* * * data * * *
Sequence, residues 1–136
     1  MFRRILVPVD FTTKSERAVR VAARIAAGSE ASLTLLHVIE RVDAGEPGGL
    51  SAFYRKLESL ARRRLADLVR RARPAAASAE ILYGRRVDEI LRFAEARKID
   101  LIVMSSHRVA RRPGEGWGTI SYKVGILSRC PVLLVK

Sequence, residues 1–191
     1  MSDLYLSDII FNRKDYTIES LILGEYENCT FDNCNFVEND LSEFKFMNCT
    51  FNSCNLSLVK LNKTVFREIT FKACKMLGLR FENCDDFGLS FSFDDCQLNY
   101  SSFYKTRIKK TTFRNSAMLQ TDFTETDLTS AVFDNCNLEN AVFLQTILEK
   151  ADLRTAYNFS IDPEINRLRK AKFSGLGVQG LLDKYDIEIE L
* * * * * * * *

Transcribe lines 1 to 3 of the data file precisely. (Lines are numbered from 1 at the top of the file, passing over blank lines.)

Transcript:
Sequence, residues 1–136
     1  MFRRILVPVD FTTKSERAVR VAARIAAGSE ASLTLLHVIE RVDAGEPGGL
    51  SAFYRKLESL ARRRLADLVR RARPAAASAE ILYGRRVDEI LRFAEARKID